Students discomforted by personalized advertisements

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Students discomforted by personalized advertisements

Sophomore Eli Wovcha shows a lacrosse ad that he believes has been specifically targeted to him.

Sophomore Eli Wovcha shows a lacrosse ad that he believes has been specifically targeted to him.

Martha Sanchez

Sophomore Eli Wovcha shows a lacrosse ad that he believes has been specifically targeted to him.

Martha Sanchez

Martha Sanchez

Sophomore Eli Wovcha shows a lacrosse ad that he believes has been specifically targeted to him.

Martha Sanchez, RubicOnline Editor

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Advertisements have been a fixture of the internet since its creation but today, advertisements that users see have a more personalized touch. More and more so, social media companies have edged into the profiles of their users, effectively learning who they are so as to target ad content towards them.

The argument of social media companies is that the more information they know about users, the more they can display content and ads that users actually want to see. But the idea of surveillance has long held discomfort to many, and SPA students aren’t exempt to this feeling.

Sophomore Eli Conrod-Wovcha receives personalized ads frequently. He recently searched for information about lacrosse on the internet, and discussed the sport with his friends. Afterward, he received a video ad displaying lacrosse players.

I think it’s kind of weird. I’ll be looking at something and all of a sudden it’ll just pop up on my phone. It’s like someone’s stalking me.”

— John Becker

“It makes me kind of uncertain about the security of my searches because it seems like Instagram is selling that to marketers,” Conrod-Wovcha said in response to the ad.

He continued, “It just makes me uncomfortable.”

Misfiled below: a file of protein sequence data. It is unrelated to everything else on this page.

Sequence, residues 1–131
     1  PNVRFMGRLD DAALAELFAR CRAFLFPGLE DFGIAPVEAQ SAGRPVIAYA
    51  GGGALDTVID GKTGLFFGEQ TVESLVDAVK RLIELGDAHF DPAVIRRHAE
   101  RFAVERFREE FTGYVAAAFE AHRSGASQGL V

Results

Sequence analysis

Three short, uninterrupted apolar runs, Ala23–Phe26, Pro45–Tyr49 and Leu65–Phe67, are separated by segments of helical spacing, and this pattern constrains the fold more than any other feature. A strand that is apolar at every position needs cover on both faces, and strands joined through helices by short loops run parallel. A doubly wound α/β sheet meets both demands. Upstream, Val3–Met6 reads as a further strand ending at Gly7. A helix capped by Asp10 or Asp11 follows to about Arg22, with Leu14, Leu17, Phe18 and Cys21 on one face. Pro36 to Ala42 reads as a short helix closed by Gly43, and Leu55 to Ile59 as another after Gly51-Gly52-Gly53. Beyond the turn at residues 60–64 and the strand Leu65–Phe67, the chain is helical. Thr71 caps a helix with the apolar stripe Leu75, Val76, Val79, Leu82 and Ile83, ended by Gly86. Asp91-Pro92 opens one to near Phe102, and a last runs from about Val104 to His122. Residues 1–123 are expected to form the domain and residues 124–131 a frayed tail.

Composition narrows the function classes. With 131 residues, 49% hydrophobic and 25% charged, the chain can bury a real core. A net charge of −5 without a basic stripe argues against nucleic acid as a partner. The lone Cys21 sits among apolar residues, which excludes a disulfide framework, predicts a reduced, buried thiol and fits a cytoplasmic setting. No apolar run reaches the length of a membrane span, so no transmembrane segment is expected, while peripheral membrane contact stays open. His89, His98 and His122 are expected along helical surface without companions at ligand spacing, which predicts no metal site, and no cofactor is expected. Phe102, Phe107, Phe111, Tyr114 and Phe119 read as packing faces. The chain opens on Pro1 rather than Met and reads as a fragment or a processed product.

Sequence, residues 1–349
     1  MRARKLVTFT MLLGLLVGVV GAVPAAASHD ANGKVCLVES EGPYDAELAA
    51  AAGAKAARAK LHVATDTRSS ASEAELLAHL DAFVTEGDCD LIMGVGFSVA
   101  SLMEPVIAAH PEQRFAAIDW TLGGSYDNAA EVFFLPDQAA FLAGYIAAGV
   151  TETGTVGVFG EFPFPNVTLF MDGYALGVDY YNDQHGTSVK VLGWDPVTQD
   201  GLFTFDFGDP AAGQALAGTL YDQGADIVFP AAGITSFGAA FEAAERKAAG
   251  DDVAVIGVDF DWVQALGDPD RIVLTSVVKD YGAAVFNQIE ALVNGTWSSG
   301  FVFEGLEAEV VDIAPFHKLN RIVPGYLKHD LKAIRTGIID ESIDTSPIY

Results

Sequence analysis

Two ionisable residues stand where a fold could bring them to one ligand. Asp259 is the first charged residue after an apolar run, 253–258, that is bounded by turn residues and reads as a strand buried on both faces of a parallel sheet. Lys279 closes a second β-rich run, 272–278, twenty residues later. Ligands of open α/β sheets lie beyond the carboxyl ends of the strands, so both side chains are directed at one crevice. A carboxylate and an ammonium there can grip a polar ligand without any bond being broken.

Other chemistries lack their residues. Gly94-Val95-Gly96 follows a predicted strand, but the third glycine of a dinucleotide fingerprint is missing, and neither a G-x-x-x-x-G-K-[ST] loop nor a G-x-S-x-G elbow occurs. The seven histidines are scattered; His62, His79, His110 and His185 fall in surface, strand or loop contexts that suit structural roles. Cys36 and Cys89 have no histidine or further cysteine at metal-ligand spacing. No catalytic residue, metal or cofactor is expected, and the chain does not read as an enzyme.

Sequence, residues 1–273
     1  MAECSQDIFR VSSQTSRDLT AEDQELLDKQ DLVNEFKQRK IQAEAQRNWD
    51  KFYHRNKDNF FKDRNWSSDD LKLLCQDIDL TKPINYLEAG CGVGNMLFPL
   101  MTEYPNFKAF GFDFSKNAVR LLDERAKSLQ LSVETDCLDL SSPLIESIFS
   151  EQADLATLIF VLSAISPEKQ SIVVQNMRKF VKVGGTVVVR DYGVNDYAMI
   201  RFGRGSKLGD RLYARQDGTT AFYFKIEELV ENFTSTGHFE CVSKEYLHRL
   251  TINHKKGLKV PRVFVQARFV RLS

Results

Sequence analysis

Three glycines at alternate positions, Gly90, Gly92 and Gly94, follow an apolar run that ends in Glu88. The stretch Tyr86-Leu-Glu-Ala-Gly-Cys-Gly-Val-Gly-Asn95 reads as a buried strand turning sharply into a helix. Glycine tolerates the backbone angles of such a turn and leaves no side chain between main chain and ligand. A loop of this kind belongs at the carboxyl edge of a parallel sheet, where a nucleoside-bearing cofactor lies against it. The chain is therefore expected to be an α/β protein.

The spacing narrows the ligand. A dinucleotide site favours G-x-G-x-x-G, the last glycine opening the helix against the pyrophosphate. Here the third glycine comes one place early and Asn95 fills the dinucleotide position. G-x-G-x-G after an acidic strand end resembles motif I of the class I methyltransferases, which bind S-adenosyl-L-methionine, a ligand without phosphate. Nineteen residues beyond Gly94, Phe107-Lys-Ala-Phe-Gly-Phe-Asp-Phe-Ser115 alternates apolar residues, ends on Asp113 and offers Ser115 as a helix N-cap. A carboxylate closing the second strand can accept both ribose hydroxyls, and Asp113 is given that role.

Social media companies, in particular, have contributed to the growth of personalized advertisements – ads that are specifically designed for each user who sees them. Social media companies are able to take data from what you like, search, etc. and feed this data into an algorithm of your likes and dislikes, essentially building a profile of you. A similar process seems to have occurred to Conrod-Wovcha.

Yet Conrod-Wovcha is not the only SPA student affected by targeted ads. Sophomore John Becker explained a similar distaste.

“I think it’s kind of weird. I’ll be looking at something and all of a sudden it’ll just pop up on my phone. It’s like someone’s stalking me. I don’t like it,” Becker said.

Given the option between personalized or random ads, Becker remains conflicted.

“I like having ads for me but not if it means they can track what I do on my phone,” he said.

Preventing social media apps from tracking your phone activity may seem impossible, but the task isn’t as daunting as it seems. Many quick fixes include using private browsers such as Firefox Focus and installing ad blockers.

For more tips on how to stop ads from targeting you, click here.

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